Re: Compiler or interpreter?

"BGB / cr88192" <>
Sat, 19 Jun 2010 10:57:20 -0700

          From comp.compilers

Related articles
[2 earlier articles]
Re: Compiler or interpreter? (glen herrmannsfeldt) (2010-06-16)
Re: Compiler or interpreter? (glen herrmannsfeldt) (2010-06-17)
Re: Compiler or interpreter? (BGB / cr88192) (2010-06-18)
Re: Compiler or interpreter? (Paul Biggar) (2010-06-18)
Re: Compiler or interpreter? (Al Kossow) (2010-06-18)
Re: Compiler or interpreter? (glen herrmannsfeldt) (2010-06-18)
Re: Compiler or interpreter? (BGB / cr88192) (2010-06-19)
Re: Compiler or interpreter? (glen herrmannsfeldt) (2010-06-19)
Re: Compiler or interpreter? (BGB / cr88192) (2010-06-20)
| List of all articles for this month |

From: "BGB / cr88192" <>
Newsgroups: comp.compilers
Date: Sat, 19 Jun 2010 10:57:20 -0700
References: 10-06-032 10-06-038 10-06-045 10-06-049
Keywords: interpreter, design
Posted-Date: 19 Jun 2010 14:35:56 EDT

"glen herrmannsfeldt" <> wrote in message
> BGB / cr88192 <> wrote:
> (snip, I previously quoted)

<snip, Fortran>

>> oddly, a linked list of structs each containing a function pointer (and
>> typically pre-decoded arguments), can be somewhat faster than the "read
>> an
>> opcode word, dispatch via switch, read-in args, execute" strategy.
> Note the quote above. The different implementations can be faster
> or slower, even on different versions of the same architecture.
> Among others, the branch prediction logic may be sensitive
> to the differences.

possibly, but I suspect matters are more basic:
it takes several operations to decode arguments.

for example:
if(op>=192)op=((op-192)<<8)|(*ip++); //naively handle multi-byte ops
        case OP_NOP:
        case OP_LOAD:
                i=*ip++; i=(i<<8)|(*ip++);
        case ...

as well as, at least in MSVC, the jump-tables are fairly slow, I suspect
because MSVC apparently tries to "compress" the jump offsets (each table
entry is a relative offset rather than a full pointer), ...

but, I also noted that this limitation happened often when using GCC as

pre-decoding any opcodes into structs, and then running things more like:
while(op) { op=op->fcn(ctx, op); }

with fcn being the function pointer to the opcode handler, which returns the
next opcode.

where, for example:
Foo_Opcode *Foo_OpNop(Foo_Context *ctx, Foo_Opcode *op)

and for less common opcodes, something like:

Foo_Opcode *Foo_OpGeneric(Foo_Context *ctx, Foo_Opcode *op)

IME, the instruction dispatching tends to be much faster this way, where
many common opcodes can be encoded directly, and then potentially bypass a
fair amount of fairly expensive logic.

admittedly though, having a bytecode and then translating it into this form,
does potentially somewhat complicate an interpreter.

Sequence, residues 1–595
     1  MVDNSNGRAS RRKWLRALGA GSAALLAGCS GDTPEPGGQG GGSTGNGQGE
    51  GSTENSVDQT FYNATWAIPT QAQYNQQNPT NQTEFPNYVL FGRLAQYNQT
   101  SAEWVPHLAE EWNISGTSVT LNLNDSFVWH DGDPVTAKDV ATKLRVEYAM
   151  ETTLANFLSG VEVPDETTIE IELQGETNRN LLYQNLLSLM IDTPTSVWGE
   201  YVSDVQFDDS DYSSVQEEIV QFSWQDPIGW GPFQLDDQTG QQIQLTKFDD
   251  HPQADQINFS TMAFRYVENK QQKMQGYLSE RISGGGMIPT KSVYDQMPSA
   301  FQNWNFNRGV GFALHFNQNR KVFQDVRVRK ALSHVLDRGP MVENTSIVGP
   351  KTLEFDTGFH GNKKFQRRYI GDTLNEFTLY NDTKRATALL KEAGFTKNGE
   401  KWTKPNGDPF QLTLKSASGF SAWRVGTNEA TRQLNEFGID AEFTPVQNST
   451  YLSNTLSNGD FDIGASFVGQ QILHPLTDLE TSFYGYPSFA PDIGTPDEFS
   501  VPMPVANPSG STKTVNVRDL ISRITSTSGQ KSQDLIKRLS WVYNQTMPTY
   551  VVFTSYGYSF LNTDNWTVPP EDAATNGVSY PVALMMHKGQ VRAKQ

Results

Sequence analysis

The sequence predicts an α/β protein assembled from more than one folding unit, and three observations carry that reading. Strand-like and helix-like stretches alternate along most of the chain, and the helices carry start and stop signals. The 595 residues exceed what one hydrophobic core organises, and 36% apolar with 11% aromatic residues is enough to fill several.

this strategy though worked extra well when writing an interpreter for x86,
which otherwise has a notably expensive opcode decoder (although, I had
ended up largely pre-decoding opcodes to deal with this cost, essentially
using an opcode cache).

but, even as such, most of the time was still going into the main big

something like:

after changing to the function-pointer strategy, it ran a good deal faster,
and most of the running time shifted over to the logic for memory-address

>> the reason I say "almost entirely" above is because, as noted,
>> there are very few compilers which don't generate (at least some)
>> hidden API calls in some cases.
> Many C compilers on smaller systems do API calls for every floating
> point operation. In the MS-DOS days when the x87 processor wasn't
> so common, it wasn't unusual to see self-modifying code. The API
> call would detect that the math processor was present, and then
> patch over the call with the appropriate x87 opcode.

fair enough.

I haven't done much of this sort of SMC. I have done some SMC, but it works
differently and for different reasons.

>> something loosely similar, but typically used within the main codegen,
>> is to preserve all registers, but pass/return values on the stack
> This reminds me of the API call commonly used with MS-DOS to execute
> the appropriate DOS INT (interrupt) call. The interrupt code is the
> second byte of the INT instruction. While one could implement a table
> full of INT instructions, it is commonly implemented by generating the
> instruction in memory and then executing it, prety much self modifying
> code.

well, in this case, I was mostly dealing with things like 128 bit integers:
(subtract 32 from virtual SP, re-sync real ESP to this point);
movaps [esp+16], xmm5
movaps [esp+0], xmm7
call __int128_add
movaps xmm7, [esp+0]
(add 32 back to virtual SP)

with something like XMeta, the call would look something more like:
[re-sync ESP]
call _XM_int128_1add__xmm7__xmm5

with the linker causing an appropriate handler to be generated.
other registers may be used within the handler, but all used registers are
to be preserved.
(the downside is that if one wants to call back into C, this means
essentially saving all the scratch, XMM registers, and FPU state, since it
is not certain what the called C function may touch).

sub esp, 524 ;512+12
fxsave [esp]
fxrstor [esp]
add esp, 524

and this is not exactly cheap...

(so, the general idea is to not use XMeta to call into C, but typically
implement the handler logic purely in ASM such as to avoid potentially
expensive full register state saving...).

now, with an ASM extension for XMeta, it would look more like:
xmeta int128_add xmm7, xmm5

which would transform into the call from before.

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